From mock jury trials to psychological studies, there is substantial research on the psychology of juries, especially where self-defense is concerned. We should take advantage of it.
We’ve all heard the urban myths spouted by legal “wannabes” in gun stores and on the Internet, usually pontificating with absolute certainty something like, “As long as you do (X) they can’t prosecute you.”
Unfortunately, the harsh reality is that self-defense is one of the most complex, uncertain, and difficult cases to win. And the outcome is always unpredictable.
So, absent a “bench trial” (i.e. before a judge rather than a jury) your fate will be in the hands of ordinary people, most of whom do not own guns. They often lack even a basic understanding of firearms and get most of their beliefs about guns from television. As a result, in a case hinging on the use of firearms, they can be easily manipulated by a skilled prosecutor.
One thing that can have serious ramifications is the kind of firearm we choose for self-defense. Now, I agree that it shouldn’t matter what kind of gun you used to defend yourself from a violent attack, but the cold hard fact is that it does.
Keep it simple. Research shows that your carry gun should be any standard, off-the-shelf,unmodified pistol or revolver in a typical self-defense caliber (.38 Special, 9MM, 40 S&W, .45Auto, etc.). And stick with the vanilla models; no “Super Combat Tactical Ranger” versions or “tricked out” custom guns. Likewise, you do not want a prosecutor holding up a .44 Magnum or Desert Eagle 50 caliber “hand-cannon” in front of a jury.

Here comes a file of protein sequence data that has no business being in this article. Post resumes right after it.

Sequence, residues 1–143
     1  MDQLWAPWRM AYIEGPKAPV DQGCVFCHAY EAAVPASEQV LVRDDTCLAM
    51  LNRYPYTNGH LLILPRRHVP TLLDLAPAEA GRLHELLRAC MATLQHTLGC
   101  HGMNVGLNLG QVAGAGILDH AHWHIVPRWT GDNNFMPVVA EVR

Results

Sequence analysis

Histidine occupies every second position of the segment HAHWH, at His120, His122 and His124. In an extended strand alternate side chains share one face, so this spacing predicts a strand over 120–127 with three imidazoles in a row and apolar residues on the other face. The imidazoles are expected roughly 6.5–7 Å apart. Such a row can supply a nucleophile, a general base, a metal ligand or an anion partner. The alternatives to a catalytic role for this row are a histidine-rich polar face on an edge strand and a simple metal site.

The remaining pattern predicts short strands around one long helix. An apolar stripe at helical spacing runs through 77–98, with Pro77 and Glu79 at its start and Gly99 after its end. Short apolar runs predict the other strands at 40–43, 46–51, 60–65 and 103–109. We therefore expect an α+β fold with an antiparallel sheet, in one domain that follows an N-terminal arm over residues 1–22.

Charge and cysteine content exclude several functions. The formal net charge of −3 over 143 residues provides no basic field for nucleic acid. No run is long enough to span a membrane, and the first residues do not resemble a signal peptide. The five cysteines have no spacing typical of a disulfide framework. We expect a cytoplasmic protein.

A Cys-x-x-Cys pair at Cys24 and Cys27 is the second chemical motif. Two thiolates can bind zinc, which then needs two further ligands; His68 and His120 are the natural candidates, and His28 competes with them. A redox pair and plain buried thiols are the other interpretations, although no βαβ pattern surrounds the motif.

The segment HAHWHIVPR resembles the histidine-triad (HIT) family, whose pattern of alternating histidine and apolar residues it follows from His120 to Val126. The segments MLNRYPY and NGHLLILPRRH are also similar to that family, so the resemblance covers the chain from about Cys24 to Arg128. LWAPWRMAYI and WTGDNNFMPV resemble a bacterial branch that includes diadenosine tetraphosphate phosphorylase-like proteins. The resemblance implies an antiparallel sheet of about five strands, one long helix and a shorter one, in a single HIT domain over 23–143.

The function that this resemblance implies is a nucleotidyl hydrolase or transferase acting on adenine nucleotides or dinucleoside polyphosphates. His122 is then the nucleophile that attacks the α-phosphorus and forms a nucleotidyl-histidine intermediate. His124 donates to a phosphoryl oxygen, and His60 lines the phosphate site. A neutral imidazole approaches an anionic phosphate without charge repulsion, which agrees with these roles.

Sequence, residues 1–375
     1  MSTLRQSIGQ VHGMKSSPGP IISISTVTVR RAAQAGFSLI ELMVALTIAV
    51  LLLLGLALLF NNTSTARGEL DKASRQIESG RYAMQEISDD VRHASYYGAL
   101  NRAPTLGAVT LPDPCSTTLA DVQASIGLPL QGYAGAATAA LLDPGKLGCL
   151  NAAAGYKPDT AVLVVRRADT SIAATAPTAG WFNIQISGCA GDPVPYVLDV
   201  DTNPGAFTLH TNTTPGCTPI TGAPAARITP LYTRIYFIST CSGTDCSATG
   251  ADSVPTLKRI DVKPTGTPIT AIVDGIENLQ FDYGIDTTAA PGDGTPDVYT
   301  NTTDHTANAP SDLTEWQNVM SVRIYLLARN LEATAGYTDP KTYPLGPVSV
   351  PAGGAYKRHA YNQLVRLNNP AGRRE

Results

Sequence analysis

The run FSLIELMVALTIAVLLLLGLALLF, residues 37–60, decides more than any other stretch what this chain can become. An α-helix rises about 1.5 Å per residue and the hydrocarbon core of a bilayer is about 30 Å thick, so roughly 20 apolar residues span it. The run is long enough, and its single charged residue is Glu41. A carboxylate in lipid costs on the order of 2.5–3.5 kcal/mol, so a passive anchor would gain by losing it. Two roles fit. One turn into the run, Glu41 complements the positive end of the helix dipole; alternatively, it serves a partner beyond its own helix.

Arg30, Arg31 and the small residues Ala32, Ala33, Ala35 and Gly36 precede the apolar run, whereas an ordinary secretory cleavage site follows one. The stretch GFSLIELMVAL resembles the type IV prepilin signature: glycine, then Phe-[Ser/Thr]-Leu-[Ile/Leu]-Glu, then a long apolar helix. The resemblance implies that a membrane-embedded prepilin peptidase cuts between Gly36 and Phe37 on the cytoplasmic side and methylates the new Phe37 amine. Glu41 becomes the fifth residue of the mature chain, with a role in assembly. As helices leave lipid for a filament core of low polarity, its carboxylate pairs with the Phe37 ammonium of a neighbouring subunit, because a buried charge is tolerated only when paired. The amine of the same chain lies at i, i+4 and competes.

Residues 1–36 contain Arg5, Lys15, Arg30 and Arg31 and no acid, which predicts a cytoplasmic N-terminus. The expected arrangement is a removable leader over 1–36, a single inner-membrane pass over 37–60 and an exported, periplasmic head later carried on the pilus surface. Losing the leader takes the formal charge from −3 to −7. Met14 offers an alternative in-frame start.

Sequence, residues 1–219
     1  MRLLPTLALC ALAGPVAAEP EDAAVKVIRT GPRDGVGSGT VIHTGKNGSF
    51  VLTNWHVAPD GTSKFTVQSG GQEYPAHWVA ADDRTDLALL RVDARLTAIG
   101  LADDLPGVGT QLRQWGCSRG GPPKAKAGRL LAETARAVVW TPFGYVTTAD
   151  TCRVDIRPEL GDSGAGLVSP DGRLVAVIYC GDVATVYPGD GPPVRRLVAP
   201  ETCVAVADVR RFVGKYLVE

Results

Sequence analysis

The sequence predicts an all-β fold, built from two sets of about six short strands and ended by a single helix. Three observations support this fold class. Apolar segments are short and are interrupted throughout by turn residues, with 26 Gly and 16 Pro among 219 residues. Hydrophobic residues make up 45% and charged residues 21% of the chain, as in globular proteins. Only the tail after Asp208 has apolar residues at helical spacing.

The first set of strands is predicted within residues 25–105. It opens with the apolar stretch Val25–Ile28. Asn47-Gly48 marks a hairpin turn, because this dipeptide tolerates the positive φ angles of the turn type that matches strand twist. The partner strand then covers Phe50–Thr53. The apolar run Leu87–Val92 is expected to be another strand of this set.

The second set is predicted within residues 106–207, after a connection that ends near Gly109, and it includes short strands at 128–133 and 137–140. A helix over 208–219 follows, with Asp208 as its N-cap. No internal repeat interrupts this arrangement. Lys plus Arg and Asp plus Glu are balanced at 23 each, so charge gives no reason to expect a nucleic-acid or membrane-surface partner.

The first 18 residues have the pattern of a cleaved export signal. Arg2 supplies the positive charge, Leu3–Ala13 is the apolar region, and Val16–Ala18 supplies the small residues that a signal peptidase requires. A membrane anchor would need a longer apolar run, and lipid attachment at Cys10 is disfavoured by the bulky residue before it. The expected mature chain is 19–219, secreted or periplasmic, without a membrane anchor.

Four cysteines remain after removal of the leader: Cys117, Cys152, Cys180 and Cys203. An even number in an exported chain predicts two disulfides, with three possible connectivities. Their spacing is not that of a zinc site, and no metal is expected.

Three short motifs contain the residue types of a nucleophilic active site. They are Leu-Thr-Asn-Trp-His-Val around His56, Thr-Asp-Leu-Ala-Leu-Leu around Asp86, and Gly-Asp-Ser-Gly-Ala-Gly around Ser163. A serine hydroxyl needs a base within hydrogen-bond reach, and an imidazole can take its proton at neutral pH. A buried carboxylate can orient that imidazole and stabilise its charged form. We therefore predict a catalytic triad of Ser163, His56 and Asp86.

In home defense situations, handguns are surprisingly less threatening to juries than shotguns or rifles. But if you do opt for a home scattergun, a plain-Jane model with a wood stock and fore-grip is far less problematic than one with a black pistol grip stock and fore-grip. And be advised, the more accessories on your gun, the worse the reaction of the jury.
Rifles have the highest negatives with juries, with military-style guns at the top of the list. So for home defense, don’t even think about using an AR-15 (or, God forbid, anything with the letters “AK”). These are virtually radioactive to juries.
And remember to load ONLY name-brand, factory ammunition labeled “self-defense” or “personal protection.” NO “extreme” or hand-loaded ammo. Ever. Imagine your jury hearing that you had “Demon Devastators” in your gun, rather than standard ammo.
Now, make no mistake, I am not saying that having a “scary” gun is going to necessarily result in you being convicted. You could do everything wrong, and still, theoretically at least, win a self-defense case. It’s happened.
But why not do everything we can to tilt the odds in our favor?